Icelandic Horses images taken during our 2018 and 2019 photo workshops on South and North Iceland.
The Icelandic horse is a unique breed. After a 1000 years of isolation, they have adapted to the harsh weather conditions, undaunted by high winds, snow and glacial rivers. Short and sturdy, more like ponies than horses, many of them have 2 extra gaits called the tolt and flying pace which makes them very smooth to ride.
They come in a variety of colours: chestnut, black, white, grey, silver, palomino to name but a few. A herd of multi-coloured horses galloping across the black sand beaches is a sight to behold. Iceland offers the most amazing backdrops from waterfalls to glaciers, beaches to mountains. There are endless creative opportunities for fine art equine photography.
I’ve been photographing horses for nearly a decade now and have developed a particular fondness for the Icelandic horse. They are friendly, welcoming and curious, sometimes a little too curious! With over 80,000 spread across the country, the potential is immense.
During my recent horse photography workshop in the South of Iceland, we had exclusive access to over 150 horses. We photographed herds running through rivers, galloping across the beach and grazing peacefully in the mountains. The horse handlers were extremely talented, able to move them into position for us to optimise the light and background.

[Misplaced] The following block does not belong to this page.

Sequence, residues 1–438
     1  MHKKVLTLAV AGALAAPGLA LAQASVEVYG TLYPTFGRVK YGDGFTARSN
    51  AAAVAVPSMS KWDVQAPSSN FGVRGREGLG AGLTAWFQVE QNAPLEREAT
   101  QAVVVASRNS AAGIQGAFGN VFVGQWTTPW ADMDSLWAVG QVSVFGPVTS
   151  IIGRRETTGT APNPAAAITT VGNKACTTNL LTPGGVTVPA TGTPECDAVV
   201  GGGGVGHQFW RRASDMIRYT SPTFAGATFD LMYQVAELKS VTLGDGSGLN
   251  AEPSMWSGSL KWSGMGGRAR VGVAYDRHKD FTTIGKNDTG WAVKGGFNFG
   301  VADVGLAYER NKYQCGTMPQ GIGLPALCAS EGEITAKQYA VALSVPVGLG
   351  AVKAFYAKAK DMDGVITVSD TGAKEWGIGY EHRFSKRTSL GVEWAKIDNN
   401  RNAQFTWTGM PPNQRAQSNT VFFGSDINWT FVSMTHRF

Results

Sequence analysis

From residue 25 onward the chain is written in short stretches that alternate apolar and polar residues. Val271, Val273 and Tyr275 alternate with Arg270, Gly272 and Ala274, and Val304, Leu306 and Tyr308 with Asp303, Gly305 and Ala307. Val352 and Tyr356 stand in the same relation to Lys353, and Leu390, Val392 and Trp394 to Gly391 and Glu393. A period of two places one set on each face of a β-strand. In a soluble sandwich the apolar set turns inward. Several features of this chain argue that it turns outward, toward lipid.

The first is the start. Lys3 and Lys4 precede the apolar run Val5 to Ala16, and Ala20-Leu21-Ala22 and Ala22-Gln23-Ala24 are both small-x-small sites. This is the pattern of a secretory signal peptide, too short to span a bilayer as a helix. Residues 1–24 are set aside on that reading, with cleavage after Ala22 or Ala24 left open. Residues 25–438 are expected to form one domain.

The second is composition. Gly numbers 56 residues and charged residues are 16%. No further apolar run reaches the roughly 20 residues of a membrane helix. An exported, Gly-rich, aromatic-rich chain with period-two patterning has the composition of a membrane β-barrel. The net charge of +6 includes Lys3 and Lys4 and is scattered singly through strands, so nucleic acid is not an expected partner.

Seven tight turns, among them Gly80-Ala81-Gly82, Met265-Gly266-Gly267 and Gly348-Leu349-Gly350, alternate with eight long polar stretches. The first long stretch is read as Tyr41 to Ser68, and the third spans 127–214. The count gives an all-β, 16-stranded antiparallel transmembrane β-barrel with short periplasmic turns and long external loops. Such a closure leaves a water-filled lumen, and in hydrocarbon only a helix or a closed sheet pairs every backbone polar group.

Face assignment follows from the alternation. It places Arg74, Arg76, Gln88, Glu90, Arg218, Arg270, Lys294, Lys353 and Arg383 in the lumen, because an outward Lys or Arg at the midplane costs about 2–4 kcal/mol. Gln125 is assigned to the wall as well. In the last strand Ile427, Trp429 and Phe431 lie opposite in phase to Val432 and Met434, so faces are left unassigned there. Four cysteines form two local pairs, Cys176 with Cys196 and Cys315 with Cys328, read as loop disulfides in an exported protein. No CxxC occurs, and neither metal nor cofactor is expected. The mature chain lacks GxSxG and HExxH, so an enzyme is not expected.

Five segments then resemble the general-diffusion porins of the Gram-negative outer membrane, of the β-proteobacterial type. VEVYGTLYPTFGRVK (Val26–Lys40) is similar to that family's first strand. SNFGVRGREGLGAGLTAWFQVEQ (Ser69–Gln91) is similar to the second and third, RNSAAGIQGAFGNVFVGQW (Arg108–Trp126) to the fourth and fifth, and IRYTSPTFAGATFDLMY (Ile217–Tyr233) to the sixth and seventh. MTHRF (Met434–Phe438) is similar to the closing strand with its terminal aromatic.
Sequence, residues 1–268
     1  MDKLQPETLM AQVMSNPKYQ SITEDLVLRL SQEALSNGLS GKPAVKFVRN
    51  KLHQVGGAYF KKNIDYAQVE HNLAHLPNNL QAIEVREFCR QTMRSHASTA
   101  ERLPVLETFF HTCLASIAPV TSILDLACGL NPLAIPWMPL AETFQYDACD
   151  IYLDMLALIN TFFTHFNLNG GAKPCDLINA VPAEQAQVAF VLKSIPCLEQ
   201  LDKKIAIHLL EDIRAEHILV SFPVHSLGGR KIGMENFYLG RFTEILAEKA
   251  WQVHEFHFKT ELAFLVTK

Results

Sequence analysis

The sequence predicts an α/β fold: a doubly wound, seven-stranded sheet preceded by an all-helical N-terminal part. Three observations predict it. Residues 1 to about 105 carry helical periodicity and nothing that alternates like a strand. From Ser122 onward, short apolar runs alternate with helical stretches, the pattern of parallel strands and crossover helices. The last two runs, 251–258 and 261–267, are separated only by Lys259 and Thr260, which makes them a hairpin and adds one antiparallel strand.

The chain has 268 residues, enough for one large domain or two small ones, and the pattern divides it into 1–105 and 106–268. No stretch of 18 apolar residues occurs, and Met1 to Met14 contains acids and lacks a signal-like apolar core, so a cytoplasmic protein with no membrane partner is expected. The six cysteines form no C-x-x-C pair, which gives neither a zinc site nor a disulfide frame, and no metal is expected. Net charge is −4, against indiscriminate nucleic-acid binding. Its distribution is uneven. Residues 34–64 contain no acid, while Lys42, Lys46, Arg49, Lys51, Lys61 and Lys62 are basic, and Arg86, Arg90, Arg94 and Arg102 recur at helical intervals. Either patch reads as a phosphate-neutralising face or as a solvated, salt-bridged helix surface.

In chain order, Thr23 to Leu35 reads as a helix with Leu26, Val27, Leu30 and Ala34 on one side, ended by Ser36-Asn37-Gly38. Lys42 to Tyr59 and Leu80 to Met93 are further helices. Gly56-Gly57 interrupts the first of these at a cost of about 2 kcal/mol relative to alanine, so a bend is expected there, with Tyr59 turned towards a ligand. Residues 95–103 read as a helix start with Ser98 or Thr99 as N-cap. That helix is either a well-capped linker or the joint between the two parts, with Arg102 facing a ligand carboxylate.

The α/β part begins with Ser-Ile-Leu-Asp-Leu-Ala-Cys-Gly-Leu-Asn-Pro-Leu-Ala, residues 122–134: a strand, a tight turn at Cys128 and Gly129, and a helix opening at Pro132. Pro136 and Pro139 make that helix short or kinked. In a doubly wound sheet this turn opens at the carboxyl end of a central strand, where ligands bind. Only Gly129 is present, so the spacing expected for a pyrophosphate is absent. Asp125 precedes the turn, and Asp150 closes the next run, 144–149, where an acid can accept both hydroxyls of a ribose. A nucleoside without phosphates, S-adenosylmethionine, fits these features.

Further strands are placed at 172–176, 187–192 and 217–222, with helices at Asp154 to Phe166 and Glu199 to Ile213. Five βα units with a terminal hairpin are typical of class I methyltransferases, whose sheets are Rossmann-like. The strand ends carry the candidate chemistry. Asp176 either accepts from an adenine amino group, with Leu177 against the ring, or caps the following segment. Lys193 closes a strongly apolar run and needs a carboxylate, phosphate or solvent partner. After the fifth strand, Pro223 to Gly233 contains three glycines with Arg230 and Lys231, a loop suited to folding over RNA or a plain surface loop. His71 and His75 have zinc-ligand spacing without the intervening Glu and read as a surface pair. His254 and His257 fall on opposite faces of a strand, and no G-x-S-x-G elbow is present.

Their long manes blowing in the wind are stunning, adding drama and shape to images especially when shot in profile. Sometimes they have blue eyes which seem to look right through you, providing a strong focal point for a photograph. To say they are photogenic would be an understatement. Everyone that attended the workshop loved the experience and are keen to return for more opportunities.
Some of my favourite images are simple portraits. A solitary horse standing in a bleak landscape; a moment of tenderness between 2 horses or a mother with her foal or maybe a close-up of an eye. All captivating and engaging, I try to avoid fussy backgrounds that can be distracting. This can be attained by using a shadow depth of field or a low angle with the sky behind.
Action shots with a herd are more challenging as it’s difficult to isolate a horse when they are bunched together. One solution is to concentrate on the lead horse and try to create a pleasing composition, there’s an element of luck but repetition tends to yield good results.
The horses remain an important part of the Icelandic culture, bringing people together and rewarding them with life-long friendship and loyalty.